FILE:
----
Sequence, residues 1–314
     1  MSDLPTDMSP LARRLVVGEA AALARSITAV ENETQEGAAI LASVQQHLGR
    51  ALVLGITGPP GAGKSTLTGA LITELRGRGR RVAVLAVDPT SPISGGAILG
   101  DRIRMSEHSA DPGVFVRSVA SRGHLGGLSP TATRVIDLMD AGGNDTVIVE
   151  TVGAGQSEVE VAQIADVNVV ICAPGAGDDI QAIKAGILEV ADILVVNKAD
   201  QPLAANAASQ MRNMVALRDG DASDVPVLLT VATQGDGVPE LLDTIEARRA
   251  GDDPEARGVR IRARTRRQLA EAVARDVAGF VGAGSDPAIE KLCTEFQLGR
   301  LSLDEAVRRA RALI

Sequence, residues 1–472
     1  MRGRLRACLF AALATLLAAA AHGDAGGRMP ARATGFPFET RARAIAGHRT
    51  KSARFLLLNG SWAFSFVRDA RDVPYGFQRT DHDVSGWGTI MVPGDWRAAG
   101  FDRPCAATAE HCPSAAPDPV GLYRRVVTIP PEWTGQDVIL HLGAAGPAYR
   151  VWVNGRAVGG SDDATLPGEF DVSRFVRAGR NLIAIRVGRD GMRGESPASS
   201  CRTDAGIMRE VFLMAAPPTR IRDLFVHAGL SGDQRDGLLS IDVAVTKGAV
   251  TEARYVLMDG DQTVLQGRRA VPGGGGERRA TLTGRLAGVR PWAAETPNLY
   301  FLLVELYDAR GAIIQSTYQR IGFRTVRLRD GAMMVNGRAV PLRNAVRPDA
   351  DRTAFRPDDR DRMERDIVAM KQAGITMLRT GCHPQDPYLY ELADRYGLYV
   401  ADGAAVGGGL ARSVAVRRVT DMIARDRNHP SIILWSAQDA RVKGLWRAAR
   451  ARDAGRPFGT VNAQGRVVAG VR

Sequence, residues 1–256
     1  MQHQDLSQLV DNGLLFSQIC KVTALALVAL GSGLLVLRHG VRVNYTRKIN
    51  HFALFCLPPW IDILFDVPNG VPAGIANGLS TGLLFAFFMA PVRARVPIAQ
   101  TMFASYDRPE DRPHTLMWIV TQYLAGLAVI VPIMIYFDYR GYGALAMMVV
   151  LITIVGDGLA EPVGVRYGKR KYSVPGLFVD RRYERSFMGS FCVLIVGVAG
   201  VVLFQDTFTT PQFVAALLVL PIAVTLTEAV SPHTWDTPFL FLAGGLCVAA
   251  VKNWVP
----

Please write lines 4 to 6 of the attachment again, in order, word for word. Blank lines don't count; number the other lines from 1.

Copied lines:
   101  DRIRMSEHSA DPGVFVRSVA SRGHLGGLSP TATRVIDLMD AGGNDTVIVE
   151  TVGAGQSEVE VAQIADVNVV ICAPGAGDDI QAIKAGILEV ADILVVNKAD
   201  QPLAANAASQ MRNMVALRDG DASDVPVLLT VATQGDGVPE LLDTIEARRA